Brief

Athleta debuts latest chapter in 'Power of She' ad narrative

Dive Brief:

  • Athleta today is debuting the latest commercials in its ongoing "Power of She" advertising campaign, which showcases women and girls working out and competing in the Gap Inc.-owned athletic apparel retailer's products, but also is intended to promote female empowerment and strength through collaboration.
  • The ads feature various stories about women and girls who serve as sources of strength for the their communities. One ad stars nonagenarian "master yogi" Tao Porchon-Lynch, demonstrating that "strength looks amazing at age 98," according to Athleta President Nancy Green, quoted in Fortune.
  • Green also said the athleisure brand is continuing its commitment against Photoshopping the models used in the "Power for She" campaign. "We always want to represent women as their true, authentic self," Green said.

Dive Insight:

 

It probably says something about me and the particular generation of men that I'm a part of that I used to write off this type of advertising as a shameless and cheesy attempt to get women to buy things — and nothing more. But then many of us eventually became the fathers of young daughters, and realized the great number of ways in which society is designed to keep women down. And then we started looking for opportunities help them find strength wherever they can.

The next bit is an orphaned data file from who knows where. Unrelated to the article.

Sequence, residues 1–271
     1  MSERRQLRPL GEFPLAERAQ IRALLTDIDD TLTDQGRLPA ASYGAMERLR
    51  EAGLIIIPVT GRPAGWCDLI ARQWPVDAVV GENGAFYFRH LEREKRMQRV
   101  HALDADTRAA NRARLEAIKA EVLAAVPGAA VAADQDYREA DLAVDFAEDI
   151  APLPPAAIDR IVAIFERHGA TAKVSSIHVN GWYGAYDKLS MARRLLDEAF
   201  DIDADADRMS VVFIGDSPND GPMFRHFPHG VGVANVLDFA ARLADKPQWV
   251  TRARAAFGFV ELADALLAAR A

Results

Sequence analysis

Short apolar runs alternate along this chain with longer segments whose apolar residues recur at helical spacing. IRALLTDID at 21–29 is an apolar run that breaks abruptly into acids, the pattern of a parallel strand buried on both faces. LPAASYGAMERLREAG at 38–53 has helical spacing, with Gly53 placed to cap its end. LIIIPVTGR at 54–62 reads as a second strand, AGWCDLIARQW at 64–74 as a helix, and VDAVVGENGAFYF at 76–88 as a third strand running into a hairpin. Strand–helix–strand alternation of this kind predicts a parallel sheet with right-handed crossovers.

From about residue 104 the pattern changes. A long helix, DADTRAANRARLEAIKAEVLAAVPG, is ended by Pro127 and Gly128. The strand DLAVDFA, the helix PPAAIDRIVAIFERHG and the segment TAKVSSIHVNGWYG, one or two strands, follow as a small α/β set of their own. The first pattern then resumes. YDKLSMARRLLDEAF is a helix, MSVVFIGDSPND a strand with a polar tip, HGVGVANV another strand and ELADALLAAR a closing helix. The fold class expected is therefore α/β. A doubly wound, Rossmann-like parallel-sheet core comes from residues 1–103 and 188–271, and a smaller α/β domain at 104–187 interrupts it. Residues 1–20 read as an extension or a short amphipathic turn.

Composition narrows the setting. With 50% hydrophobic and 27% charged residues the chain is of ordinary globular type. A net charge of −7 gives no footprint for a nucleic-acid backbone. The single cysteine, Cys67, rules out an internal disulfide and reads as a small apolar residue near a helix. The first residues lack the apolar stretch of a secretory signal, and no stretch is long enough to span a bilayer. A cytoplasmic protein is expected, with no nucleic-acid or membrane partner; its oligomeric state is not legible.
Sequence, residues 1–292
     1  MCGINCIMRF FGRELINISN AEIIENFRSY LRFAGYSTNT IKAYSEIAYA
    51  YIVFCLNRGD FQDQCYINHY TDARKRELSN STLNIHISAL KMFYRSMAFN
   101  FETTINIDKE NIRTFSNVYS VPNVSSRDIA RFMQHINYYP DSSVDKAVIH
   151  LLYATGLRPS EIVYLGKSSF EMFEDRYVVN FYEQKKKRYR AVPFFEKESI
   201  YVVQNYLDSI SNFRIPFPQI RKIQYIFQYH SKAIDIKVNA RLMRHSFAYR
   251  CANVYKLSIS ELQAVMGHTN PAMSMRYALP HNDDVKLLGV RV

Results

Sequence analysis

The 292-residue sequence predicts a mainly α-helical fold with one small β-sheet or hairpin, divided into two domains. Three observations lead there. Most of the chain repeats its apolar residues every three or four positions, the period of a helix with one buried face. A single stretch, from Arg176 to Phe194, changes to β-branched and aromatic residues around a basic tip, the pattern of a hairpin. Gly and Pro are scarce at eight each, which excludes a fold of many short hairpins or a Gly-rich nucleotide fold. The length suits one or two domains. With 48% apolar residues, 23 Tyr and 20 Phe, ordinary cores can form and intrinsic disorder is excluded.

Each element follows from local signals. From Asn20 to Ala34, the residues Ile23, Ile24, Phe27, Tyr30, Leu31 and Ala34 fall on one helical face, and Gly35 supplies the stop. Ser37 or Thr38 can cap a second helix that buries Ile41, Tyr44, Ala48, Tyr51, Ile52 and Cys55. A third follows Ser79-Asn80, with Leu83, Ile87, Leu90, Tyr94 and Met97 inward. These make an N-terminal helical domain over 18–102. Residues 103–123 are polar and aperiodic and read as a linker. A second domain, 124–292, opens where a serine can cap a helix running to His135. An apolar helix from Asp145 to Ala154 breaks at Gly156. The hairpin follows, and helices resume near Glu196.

Athleta still wants women to buy things, of course, but the "Power of She" campaign seems like more than just the latest move in the "fem-vertising" trend. It puts its powerful messages and stories upfront, along with images of a wide variety of women and girls speaking those messages, while displaying its banding in subtle ways, and saving its logo for the end of the ads.

Athleta first rolled out the "Power of She" campaign in April 2016, so if it's still telling new stories after roughly nine months, maybe it's working. Athleta actually has been one of the bright spots in a very down year for its corporate parent Gap, and in an up-and-down year for athleisure brands overall.

For example, fellow athleisure brand Lululemon has seen weaker results as athleisure has started to lose some of its cultural currency. Some athleisure brands will try to stave off tough times by investing in new product lines, and by taking their brands in new directions. Athleta's effort to empower women seems to have some pretty pure intentions, but a byproduct of that could be stronger customer relationships and an overall more positive brand identity, aspects which may help Athleta power through the next phase in the evolution of athleisure apparel.

Filed Under: Consumer Trends Marketing